Recently, Sandra Fluke testified before Congress, encouraging them to mandate that employers pay for contraception through health insurance.
This is because, as Ms. Fluke testified, there is only way for these women to get contraceptive protection.
“You might respond that contraception is accessible in lots of other ways. Unfortunately, that’s not true.”
Respectfully, this is nonsense. Here’s a list of alternatives to employer-subsidized contracepti
on (and their costs):
- Stop having sex – cost = $0
- Condoms – cost = $1/condom. At the high end, you’re looking at $30/month, the same cost as subsidized hormonal contraception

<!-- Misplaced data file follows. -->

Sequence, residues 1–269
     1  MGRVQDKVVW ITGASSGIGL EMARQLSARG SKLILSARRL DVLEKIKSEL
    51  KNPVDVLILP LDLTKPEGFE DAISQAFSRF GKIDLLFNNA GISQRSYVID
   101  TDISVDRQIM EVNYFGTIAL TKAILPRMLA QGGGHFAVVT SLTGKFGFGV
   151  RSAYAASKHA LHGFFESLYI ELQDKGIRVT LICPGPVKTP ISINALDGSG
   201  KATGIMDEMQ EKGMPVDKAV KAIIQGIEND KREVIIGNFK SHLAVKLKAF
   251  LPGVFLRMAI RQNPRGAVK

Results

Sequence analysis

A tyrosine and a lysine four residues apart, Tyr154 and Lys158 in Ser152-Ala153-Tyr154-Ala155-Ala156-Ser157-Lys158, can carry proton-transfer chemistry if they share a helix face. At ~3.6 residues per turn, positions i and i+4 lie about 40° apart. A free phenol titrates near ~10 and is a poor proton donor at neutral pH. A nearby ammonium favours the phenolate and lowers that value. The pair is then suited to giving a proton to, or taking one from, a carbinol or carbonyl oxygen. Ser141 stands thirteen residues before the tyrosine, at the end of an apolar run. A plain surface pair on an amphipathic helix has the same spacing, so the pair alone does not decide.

- Make the partner pay – cost = 50-100% reduction in cost, which is about the same as subsidized hormonal contraception.
This doesn’t address women who need the hormonal contraception for medical reasons because it’s my understanding that those are typically covered by organizations who oppose contraception.
Ms. Fluke argues there’s no requirement in these bills that they be covered. The good news is, there’s no requirement now and they’re already covered! Yay! Win for everybody.
This seems to be another case of jumping to the “force everybody to do what I want solution.” That’s unfortunate, as force tends to have unintended consequences that rarely go well for the nation.
Let’s all take a lesson from Bush-era mistakes: force is rarely the best solution.